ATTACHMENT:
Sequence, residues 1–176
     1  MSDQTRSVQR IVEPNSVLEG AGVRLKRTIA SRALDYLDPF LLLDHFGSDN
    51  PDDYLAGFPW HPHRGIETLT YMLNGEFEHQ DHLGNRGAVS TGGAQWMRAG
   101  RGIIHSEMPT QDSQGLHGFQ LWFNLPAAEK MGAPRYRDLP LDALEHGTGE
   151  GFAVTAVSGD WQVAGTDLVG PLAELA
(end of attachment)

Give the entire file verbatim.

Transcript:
Sequence, residues 1–176
     1  MSDQTRSVQR IVEPNSVLEG AGVRLKRTIA SRALDYLDPF LLLDHFGSDN
    51  PDDYLAGFPW HPHRGIETLT YMLNGEFEHQ DHLGNRGAVS TGGAQWMRAG
   101  RGIIHSEMPT QDSQGLHGFQ LWFNLPAAEK MGAPRYRDLP LDALEHGTGE
   151  GFAVTAVSGD WQVAGTDLVG PLAELA